The St. Louis Cardinals have to be relieved to learn that Adam Wainwright's elbow soreness is not due to injury to his recently reconstructed ulnar collateral ligament. Now the question is just how problematic the current elbow condition will be for their ace.
Wainwright underwent Tommy John surgery in 2011 and has been stellar since his return; his performance has been easy for all to see. His commitment to returning to peak performance and to maintaining the health of the support structures for his newly reconstructed elbow, while not as outwardly visible, may be equally, if not more, important.
For instance, during spring training prior to his 2013 season, Wainwright told me he was aware that many pitchers who underwent Tommy John surgery subsequently experienced shoulder problems. He was determined to do everything possible to avoid becoming one of those statistics, so even after he was deemed “healthy” upon returning to pitch, he maintained a series of rotator cuff strengthening and flexibility exercises to ensure he would stay that way. Despite his outstanding 2013 campaign, Wainwright wasn’t satisfied that he had achieved his maximum point of return following his elbow ligament reconstruction. During spring training prior to this season, he told me that while he was pleased with what he was able to do last year, he was working on improving his ball movement toward the right side of the plate. And, yes, he was keeping up with a regimen to ensure that his shoulder, core, legs and everything else supporting his throwing elbow remained healthy.
But alas, no matter what efforts a pitcher makes to protect his throwing arm, there is still the fact that he throws overhead repeatedly for a living, placing abnormal stresses on the upper extremity. And Wainwright’s success may actually have translated to extra throwing stress on the arm. Beyond his pitching effectiveness post-TJ surgery, Wainwright demonstrated his endurance, going not only deep into games but deep into the postseason, accumulating more than 275 innings in 2013 in the process. This season, he has been the Cardinals’ most reliable pitcher when it comes to maximizing his innings per outing, simultaneously outpacing the rest of the National League in wins. We are now learning that in recent weeks his elbow has not felt completely comfortable, yet remarkably, he has continued his success on the mound, even this past Tuesday with seven scoreless innings. Wainwright later told reporters he was pitching with “average stuff” and manager Mike Matheny saw enough of a dip in his performance, albeit a subtle one, to remove him from the game.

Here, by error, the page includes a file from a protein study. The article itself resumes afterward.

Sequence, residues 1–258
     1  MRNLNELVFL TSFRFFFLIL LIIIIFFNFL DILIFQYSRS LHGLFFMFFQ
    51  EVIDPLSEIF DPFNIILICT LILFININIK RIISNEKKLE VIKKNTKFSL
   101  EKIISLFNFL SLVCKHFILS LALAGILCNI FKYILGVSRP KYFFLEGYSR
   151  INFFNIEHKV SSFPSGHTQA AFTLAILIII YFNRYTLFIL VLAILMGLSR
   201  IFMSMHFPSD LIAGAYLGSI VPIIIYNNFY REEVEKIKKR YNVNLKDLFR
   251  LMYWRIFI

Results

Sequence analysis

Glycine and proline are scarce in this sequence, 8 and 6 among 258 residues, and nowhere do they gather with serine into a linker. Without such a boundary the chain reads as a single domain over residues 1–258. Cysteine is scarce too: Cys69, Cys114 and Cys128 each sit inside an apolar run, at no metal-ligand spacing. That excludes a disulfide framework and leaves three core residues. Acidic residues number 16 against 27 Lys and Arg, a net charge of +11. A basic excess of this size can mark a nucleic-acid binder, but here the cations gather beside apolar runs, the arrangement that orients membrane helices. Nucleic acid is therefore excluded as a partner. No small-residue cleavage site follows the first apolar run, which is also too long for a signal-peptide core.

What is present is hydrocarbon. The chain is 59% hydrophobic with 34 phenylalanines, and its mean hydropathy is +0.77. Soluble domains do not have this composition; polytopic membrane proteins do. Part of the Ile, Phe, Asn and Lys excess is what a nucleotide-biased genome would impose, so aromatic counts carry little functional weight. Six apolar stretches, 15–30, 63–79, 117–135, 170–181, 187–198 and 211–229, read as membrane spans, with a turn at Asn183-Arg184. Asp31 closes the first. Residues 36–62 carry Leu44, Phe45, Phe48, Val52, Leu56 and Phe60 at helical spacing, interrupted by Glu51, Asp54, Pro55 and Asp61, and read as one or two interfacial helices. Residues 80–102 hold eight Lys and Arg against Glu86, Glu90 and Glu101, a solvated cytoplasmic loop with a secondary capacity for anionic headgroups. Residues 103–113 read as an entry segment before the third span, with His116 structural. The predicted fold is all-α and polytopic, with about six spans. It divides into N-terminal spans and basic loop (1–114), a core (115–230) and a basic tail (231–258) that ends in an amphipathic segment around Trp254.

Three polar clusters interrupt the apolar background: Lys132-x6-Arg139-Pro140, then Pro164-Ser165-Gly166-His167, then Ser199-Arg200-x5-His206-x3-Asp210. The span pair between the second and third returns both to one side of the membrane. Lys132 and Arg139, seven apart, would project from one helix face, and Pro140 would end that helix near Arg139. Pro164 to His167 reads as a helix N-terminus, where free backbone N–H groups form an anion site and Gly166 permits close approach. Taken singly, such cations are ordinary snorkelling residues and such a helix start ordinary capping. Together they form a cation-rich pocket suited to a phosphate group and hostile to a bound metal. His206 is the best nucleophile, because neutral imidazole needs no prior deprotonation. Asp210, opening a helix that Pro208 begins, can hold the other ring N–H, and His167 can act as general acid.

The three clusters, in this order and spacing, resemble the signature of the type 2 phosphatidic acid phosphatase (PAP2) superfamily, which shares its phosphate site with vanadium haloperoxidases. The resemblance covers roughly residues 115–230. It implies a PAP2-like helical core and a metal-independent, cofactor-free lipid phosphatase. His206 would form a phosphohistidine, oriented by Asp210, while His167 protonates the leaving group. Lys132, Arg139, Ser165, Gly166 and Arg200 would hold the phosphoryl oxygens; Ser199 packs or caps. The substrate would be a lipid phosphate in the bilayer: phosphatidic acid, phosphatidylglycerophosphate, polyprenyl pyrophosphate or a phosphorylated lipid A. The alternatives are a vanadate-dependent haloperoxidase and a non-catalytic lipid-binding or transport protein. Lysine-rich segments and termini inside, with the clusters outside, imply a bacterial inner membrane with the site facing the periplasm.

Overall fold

Wainwright returned to St. Louis on Wednesday to undergo further examination from the Cardinals’ team physician and an MRI, which thankfully showed no structural damage to his surgically reconstructed ligament. According to general manager John Mozeliak, Wainwright is dealing with a “tennis elbow”-like condition. The big clue that this is not related to Wainwright’s recently reconstructed ligament is that tennis elbow, or lateral epicondylitis, refers to inflammation or irritation on the outer aspect of the elbow, not the inner side where the ulnar collateral ligament is. The extensor tendons -- those that extend the wrist and are important for grip control -- attach at the lateral epicondyle (located on the arm bone, just above the elbow joint). For a pitcher, the condition is often associated with the fingertip grip and/or control of the wrist and elbow on ball release during particular pitches.
The good news is that the condition should respond to conservative treatment, particularly if it is being addressed in the early phase. Wainwright has already received an injection and can surely be counted on to carry out the prescribed regimen of stretching and strengthening. Still, this may mean a skipped or delayed start or two in the interest of preserving him for the long haul. Although no one from the Cardinals, including Wainwright, has spoken of it, it could mean the All-Star pitcher would pass on an All-Star appearance, should he be selected.
After all, as Mozeliak told the St. Louis Post-Dispatch, “We want to be extra cognizant of what he needs to stay in the rotation and be healthy from here. We are going to be cautious with this."